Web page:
The Secret Life Of Dads

I learned a secret this week. About the man who is my husband and my son’s dad.

Just about every woman I know gushes over babies and toddlers; ooh-ing and aaah-ing as much as they would if they were in a shoe store. Well, almost.

I am very guilty for saying :’Oh, they’re so cute at that age. Look at their little feet. Look at their lovely little ears. They’re drooling. They’ve just pooped – brilliant.’

Mums talk all the time about the various stages their children move in and out of, bemoaning the fact they no longer play with dolls or watch the Nickelodeon channel. We research what to expect from one stage to the next and as a result, often seem more immune to the rigours of the passage of time.

I always thought that Dads paid little attention to the movement through the stages, merely looking forward to the first game of football, the first bike, or the first car. But I was wrong.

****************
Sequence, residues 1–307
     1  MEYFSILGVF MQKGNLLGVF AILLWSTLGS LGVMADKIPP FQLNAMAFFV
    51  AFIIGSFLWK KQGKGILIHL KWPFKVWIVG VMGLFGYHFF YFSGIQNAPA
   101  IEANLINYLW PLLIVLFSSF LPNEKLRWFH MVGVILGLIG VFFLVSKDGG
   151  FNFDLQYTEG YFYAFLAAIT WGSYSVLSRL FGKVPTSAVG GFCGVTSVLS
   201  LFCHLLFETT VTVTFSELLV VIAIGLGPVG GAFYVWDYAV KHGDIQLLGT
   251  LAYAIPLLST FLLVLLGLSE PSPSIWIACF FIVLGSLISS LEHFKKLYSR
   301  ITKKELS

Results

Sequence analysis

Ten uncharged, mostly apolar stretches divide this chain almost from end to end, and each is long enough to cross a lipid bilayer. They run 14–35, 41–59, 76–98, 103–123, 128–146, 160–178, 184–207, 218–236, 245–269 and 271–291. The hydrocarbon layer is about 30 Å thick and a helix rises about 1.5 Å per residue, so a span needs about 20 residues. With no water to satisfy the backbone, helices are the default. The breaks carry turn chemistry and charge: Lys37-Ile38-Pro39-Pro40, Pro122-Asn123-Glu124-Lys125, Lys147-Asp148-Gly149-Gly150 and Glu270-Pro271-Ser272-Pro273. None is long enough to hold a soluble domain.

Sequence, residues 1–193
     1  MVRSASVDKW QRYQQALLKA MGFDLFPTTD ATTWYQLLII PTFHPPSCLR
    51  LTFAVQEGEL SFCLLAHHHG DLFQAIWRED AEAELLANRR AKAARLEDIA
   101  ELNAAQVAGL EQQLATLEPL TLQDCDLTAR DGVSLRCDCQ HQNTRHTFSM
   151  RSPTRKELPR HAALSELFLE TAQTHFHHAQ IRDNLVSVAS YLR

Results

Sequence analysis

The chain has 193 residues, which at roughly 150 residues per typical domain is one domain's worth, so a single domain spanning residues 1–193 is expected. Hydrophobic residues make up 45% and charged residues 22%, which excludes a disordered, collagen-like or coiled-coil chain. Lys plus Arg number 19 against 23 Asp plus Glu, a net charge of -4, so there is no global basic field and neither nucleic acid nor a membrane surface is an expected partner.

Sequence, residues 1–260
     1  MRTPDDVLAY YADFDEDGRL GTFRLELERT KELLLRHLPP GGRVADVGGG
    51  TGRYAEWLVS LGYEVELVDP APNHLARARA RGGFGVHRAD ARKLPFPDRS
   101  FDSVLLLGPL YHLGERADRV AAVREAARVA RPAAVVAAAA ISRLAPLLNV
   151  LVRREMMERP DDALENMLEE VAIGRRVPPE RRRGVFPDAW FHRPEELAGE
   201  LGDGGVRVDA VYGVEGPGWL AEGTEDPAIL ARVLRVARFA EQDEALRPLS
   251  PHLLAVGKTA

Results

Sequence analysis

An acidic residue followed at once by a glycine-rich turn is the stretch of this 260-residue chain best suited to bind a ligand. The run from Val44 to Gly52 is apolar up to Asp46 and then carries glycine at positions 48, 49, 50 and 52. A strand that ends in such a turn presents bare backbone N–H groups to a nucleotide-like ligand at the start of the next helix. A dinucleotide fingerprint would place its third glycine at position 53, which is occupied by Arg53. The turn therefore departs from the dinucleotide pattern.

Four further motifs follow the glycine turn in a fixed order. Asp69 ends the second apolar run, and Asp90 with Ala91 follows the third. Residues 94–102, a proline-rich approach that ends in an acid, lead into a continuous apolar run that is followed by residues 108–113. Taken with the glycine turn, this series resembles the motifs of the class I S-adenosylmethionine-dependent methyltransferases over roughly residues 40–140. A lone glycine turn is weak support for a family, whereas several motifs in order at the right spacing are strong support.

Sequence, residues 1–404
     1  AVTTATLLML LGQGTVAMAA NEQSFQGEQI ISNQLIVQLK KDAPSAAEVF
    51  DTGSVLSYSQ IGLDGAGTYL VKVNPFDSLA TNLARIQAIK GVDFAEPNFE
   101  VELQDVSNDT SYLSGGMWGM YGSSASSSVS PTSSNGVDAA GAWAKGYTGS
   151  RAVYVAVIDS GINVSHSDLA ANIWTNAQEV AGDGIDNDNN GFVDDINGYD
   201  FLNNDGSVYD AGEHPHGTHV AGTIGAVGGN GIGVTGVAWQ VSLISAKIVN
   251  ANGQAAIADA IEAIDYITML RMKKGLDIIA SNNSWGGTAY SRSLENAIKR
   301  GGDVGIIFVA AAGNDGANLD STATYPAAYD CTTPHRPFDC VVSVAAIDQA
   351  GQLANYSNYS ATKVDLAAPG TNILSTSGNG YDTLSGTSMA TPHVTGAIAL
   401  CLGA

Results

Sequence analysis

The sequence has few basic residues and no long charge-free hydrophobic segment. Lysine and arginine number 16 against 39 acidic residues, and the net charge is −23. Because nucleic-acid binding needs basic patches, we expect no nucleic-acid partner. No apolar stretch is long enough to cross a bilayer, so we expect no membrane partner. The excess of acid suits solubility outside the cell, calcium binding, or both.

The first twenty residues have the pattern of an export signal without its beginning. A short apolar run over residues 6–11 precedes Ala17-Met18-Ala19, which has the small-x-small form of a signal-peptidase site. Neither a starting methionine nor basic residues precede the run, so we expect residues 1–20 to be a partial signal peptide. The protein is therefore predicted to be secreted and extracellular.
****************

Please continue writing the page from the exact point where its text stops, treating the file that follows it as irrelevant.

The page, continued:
My son is turning thirteen next week. A bona fide teenager. While I am spending my time devising strategies for dealing with teenage angst my husband is well, feeling it. The sound of time a-passing.

I caught him with a tear in his eye the other morning after talking to Nick before leaving for work.

‘He’s still a boy for now,’ he said, ‘But it won’t be long till it hits.’

For those of us who have experienced some trying times as an adult it can be hard to think of our own child plunging into what we sometimes view as the darkness. My husband’s teenage years were harder than most. He had an abusive, alcoholic father who often went on drunken binges for weeks at a time. He beat up his wife in front of their eight children then left them to call the ambulance. At 15, my husband had to drop out of school to help his mother support the family because his father wouldn’t.